Best moment: Pro Bowl return man Devin Hester setting the NFL record with his 20th career return touchdown, a 62-yard punt return against Tampa Bay in Week 3. Hester high-stepped his way to the end zone with his mentor, former Falcon Deion Sanders, in the building for NFL Network. The play also happened in front of Buccaneers coach Lovie Smith, who brought Hester into the league with the Chicago Bears and has maintained a close relationship with him over the years.

Worst moment: The Falcons blowing a 21-point lead to the Lions in London, which resulted in a 22-21 loss on Matt Prater's game-winning 48-yard field goal. The tide turned in the Lions' favor when Matt Ryan threw a third-quarter interception right into the hands of a defender. Jones had a key drop late in the game.

2015 outlook: The Falcons are set to have a new coach after seven seasons under Smith, but general manager Thomas Dimitroff remains. Owner Arthur Blank doesn't want to take mediocrity into his new Atlanta Stadium. He just wants wins, with no excuses. Smith was a great guy whom the players appreciated, but Blank no doubt wants a coach who's going to be stern to all the players, from the top guys on down. Dimitroff has to secure a pass-rusher or two and continue to invest in the offensive line. Finding quality linebackers also has to be a priority, as well as a pass-catching tight end.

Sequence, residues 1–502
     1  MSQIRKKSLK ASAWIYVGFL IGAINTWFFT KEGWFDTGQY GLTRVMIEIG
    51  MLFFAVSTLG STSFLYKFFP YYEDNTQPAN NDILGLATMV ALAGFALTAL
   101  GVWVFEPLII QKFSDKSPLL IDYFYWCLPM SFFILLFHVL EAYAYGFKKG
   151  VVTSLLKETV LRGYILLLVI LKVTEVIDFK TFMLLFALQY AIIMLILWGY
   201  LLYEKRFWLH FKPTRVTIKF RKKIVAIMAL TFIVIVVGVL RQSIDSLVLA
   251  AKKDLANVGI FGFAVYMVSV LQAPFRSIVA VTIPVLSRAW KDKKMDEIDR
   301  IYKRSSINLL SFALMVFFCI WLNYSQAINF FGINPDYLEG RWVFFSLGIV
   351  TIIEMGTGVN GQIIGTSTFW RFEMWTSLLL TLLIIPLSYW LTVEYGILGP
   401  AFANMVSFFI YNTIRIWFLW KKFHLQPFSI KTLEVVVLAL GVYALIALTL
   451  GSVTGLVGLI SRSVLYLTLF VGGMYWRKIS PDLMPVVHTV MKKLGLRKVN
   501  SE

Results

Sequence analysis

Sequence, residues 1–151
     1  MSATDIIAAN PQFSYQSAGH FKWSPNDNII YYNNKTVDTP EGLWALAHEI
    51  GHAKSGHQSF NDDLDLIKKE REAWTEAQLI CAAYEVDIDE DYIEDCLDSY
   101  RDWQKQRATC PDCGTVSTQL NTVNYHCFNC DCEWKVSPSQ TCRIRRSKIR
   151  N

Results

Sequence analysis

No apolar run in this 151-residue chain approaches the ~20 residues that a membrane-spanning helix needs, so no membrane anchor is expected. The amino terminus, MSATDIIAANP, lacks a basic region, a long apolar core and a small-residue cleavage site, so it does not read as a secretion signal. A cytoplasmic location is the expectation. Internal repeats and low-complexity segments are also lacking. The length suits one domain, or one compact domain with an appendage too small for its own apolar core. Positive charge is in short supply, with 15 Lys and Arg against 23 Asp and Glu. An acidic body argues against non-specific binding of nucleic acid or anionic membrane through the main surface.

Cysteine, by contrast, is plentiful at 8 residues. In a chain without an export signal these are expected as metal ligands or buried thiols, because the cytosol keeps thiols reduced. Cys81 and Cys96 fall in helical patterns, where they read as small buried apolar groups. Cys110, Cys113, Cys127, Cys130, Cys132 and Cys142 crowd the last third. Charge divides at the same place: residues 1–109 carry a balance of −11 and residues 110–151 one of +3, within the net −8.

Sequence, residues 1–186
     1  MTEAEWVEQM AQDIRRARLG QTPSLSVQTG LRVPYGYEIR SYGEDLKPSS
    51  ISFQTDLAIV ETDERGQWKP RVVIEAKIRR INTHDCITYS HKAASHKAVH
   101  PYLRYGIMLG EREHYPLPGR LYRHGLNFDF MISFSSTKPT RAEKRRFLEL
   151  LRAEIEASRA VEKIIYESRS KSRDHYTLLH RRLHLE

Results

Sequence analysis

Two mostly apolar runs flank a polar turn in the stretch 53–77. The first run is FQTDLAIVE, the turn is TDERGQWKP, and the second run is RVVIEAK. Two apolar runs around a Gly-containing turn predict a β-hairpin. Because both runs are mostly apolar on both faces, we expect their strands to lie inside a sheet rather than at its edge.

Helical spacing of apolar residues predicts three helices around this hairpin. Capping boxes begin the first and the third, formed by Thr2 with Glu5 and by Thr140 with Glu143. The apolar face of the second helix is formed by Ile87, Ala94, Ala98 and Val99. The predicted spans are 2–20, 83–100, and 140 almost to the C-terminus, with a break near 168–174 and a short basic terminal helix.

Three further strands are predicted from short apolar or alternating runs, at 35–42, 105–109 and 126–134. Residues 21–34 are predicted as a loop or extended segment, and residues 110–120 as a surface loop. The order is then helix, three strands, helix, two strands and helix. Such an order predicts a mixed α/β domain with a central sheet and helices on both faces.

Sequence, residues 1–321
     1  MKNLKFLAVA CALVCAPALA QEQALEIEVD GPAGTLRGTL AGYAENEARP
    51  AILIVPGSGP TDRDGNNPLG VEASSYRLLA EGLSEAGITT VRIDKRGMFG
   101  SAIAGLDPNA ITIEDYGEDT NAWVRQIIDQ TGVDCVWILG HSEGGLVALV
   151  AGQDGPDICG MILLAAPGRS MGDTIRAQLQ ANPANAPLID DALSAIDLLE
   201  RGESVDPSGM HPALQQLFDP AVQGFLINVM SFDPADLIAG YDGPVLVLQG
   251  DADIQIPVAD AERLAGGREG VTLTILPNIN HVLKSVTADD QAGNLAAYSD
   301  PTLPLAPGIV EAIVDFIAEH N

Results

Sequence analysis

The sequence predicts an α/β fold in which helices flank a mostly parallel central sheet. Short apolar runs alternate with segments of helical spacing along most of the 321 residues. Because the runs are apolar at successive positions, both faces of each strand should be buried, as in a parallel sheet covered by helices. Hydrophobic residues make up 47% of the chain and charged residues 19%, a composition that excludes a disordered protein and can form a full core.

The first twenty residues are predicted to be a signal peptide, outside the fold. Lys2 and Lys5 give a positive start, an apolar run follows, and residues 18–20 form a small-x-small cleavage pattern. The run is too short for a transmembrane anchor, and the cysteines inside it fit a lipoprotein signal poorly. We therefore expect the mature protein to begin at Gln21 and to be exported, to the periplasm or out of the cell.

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I agree with the grades but if you are going to ding the offense, it would be better to put it on the shoulders of the porous O-line and terrible running game rather than a poor showing in week 17.

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I agree with the grades but if you are going to ding the offense, it would be better to put it on the shoulders of the porous O-line and terrible running game rather than a poor showing in week 17.

Yep, OL and run game.

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Sunday, February 1, 2015
Arthur Blank values Julio Jones, but extension on hold pending new coach

By Vaughn McClure

The Atlanta Falcons obviously value Julio Jones, probably even more now with Jones coming off a record-breaking, Pro Bowl season.

However, team owner Arthur Blank was a bit apprehensive when discussing a long-term extension for Jones, who is signed through the 2015 season. Blank basically deferred to incoming head coach Dan Quinn, who is set to be introduced Tuesday after he completes his Super Bowl run with theSeattle Seahawks.

"Well, I think it's a decision that the head coach will look at the talent on the roster," Blank said. "Julio's been a great player for us and a great talent, and he represents us on the field and off the field as well as anybody else.

"As the owner, it's not my decision to make. The new coach will spend a great deal of time assessing the roster and all of our players, and obviously Julio is a critical one."